Chatri: I genuinely don’t believe that ONE Championship would be where it is today if I had started it in any other country in Asia. Singapore is a big reason why ONE Championship has become a global phenomenon.
I am full of gratitude and appreciation to Singapore for embracing ONE Championship over the years and for helping to build, together with me, what will be Asia’s first multibillion dollar global sports media property.
Whether it is EDB’s active involvement, Temasek’s investment, support from Ministers in the Singapore Government, Mediacorp’s significant commitment of broadcast hours, Singtel’s blockbuster partnership, SGX’s proactive help, or the incredible work of our Singaporean rockstars at Team ONE, ONE Championship and I have been truly blessed with the friendship, support, and love from everyone in Singapore.
Without the full support of Singapore behind us, ONE Championship would not have any chance to become a unicorn. And the best part is that we are still only at the very beginning of our journey.
SGLS: Can you share a difficult phase in your life, one that few people know about, and tell us how you overcome it?
Chatri: My fledgling team and I faced rejection after rejection in the first three years of our existence. No one would give us a break. Broadcasters across Asia thought our concept was silly because “Asians don’t like sports”. Brands thought it was unnecessary for Asia to have its first global sports property. Investors thought the idea of creating Asia’s first multibillion dollar sports media property to be impossible. Athletes had no reason to join us. Even potential employees rejected us. But with grit, a warrior spirit and people who believed in us, we overcame the challenges.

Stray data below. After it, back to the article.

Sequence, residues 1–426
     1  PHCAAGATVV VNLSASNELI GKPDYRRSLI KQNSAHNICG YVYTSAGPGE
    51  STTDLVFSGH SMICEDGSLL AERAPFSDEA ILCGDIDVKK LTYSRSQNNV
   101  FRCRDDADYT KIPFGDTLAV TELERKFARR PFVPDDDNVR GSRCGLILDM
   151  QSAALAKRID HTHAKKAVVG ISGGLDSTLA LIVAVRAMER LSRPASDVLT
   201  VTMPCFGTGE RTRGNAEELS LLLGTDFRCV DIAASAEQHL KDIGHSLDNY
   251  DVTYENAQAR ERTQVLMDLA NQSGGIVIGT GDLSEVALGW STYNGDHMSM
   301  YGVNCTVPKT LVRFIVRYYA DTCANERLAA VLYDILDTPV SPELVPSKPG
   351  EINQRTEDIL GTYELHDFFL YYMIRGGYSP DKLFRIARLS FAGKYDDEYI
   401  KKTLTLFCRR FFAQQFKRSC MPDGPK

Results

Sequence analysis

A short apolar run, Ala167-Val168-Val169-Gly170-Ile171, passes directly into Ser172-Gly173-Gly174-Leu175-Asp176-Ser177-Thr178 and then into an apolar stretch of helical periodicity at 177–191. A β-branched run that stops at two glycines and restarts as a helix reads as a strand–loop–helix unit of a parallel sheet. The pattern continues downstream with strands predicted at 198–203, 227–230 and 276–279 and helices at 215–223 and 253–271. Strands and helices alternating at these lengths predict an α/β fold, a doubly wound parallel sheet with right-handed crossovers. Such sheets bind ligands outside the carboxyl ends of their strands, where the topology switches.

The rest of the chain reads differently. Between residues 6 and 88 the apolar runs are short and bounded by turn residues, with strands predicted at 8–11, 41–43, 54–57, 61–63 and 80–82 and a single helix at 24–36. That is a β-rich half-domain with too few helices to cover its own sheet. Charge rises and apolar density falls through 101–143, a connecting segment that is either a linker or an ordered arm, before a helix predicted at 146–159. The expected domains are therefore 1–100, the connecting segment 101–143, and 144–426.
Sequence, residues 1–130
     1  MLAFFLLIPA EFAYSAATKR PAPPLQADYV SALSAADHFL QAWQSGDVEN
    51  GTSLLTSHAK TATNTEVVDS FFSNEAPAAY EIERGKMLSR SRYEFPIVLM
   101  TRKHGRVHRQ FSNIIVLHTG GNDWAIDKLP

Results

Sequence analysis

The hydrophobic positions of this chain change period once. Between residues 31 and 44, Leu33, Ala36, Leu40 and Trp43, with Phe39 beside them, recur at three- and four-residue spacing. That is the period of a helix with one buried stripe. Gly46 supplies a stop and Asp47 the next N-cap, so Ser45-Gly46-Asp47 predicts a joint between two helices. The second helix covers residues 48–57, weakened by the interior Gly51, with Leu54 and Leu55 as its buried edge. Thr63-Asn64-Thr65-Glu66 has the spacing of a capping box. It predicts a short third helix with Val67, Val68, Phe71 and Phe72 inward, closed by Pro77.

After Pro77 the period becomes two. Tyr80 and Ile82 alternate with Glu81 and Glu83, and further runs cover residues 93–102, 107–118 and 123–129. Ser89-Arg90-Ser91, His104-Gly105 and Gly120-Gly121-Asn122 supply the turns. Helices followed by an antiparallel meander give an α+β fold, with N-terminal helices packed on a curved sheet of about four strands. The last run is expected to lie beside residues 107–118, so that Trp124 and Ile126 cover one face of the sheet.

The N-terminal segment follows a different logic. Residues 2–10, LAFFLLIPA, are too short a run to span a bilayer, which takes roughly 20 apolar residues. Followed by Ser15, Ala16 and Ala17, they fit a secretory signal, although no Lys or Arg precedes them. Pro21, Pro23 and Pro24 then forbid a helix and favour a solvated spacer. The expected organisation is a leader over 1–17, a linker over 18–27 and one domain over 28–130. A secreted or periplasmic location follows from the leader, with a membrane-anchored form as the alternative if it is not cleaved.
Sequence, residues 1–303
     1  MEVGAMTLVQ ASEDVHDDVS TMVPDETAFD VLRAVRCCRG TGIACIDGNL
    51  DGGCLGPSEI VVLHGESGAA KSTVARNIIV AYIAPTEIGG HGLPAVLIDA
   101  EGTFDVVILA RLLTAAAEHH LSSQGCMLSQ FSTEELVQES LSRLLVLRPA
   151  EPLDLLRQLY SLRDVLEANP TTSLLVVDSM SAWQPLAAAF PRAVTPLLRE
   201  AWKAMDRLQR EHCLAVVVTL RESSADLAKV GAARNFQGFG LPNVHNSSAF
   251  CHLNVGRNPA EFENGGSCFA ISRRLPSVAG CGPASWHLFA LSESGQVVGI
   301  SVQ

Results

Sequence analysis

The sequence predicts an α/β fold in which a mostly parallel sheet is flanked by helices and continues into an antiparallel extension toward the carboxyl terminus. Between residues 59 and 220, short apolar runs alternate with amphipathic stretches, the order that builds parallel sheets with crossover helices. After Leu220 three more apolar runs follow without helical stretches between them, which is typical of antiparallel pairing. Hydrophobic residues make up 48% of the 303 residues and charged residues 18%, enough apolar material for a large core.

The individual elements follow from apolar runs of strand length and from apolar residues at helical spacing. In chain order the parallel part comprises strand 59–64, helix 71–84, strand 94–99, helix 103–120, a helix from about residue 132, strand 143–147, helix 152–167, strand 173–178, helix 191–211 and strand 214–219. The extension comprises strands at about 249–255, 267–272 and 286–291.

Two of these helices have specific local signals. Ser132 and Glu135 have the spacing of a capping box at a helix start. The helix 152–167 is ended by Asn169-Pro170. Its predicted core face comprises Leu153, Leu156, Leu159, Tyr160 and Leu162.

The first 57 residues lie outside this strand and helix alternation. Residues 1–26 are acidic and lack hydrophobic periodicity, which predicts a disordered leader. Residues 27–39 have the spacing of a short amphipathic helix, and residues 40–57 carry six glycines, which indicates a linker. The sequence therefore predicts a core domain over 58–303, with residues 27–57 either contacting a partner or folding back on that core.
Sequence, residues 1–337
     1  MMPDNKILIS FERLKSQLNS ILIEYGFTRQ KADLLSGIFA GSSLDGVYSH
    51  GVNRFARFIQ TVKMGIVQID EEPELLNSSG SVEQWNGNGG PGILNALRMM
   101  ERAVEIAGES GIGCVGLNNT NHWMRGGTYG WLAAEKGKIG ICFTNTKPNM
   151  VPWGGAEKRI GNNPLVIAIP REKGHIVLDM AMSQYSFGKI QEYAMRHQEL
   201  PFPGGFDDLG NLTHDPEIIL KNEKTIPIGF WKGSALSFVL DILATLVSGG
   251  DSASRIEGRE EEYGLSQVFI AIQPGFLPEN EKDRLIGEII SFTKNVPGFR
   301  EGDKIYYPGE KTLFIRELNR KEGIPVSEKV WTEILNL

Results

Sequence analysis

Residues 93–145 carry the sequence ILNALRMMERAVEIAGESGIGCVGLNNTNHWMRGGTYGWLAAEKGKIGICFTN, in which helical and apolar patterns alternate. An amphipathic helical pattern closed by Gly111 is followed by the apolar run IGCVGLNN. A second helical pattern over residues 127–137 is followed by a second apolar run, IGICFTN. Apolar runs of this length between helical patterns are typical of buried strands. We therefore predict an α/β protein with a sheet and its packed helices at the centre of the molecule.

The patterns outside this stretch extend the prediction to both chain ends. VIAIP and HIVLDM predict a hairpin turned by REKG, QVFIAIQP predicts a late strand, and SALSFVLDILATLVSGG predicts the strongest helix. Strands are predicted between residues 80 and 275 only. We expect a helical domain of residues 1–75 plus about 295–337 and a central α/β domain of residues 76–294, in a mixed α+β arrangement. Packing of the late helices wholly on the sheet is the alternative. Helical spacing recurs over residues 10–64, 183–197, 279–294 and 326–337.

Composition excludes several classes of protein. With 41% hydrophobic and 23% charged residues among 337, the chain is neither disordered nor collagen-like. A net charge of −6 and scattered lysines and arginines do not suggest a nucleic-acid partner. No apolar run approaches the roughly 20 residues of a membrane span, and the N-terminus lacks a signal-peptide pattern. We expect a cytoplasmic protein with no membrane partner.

SGLS: What are your words of wisdom to someone who aspires to be the next Chatri Sityodtong?
Chatri: Integrity is key. Live your life in a way that would make your mom proud. I am far from perfect, but I always think about honouring my mom in everything I do.
Bonus Q: Who inspires you in business and in life?
Chatri: My first Muay Thai teacher, Papa Daorung (or P’Tu in Thai). I was a little kid when I first picked up Muay Thai at Sityodtong Gym in Thailand. P’Tu took me under his wing and cared for me like family, even though I had nothing to offer. He taught me the art of Muay Thai, to be kind, to have a lot of heart and to be generous in spirit.
P’Tu was the first person I invited to come teach Muay Thai at EVOLVE in Singapore almost 12 years ago. At the time, he was still living in poverty teaching at Sityodtong Gym, earning around S$250 per month, with zero life savings. Today, he earns approximately 30 times that amount every month at EVOLVE as a coach. Our Grandmaster, Kru Yodtong Senanan, encouraged him to leave Thailand to join me in Singapore for a better future even though P’Tu had never been outside of Thailand his entire life. We held hands on the plane ride here because he was so nervous – it was his first time on a plane.
This photo I have of us was taken when I was 13 years old, before a training session at Sityodtong Gym, Thailand. I will always be grateful to him.
Catch the finale of The Apprentice: One Championship Edition on Thursday, June 10.
Interview by Angela May Tan, Column Editor & Writer, SG Lifestyle.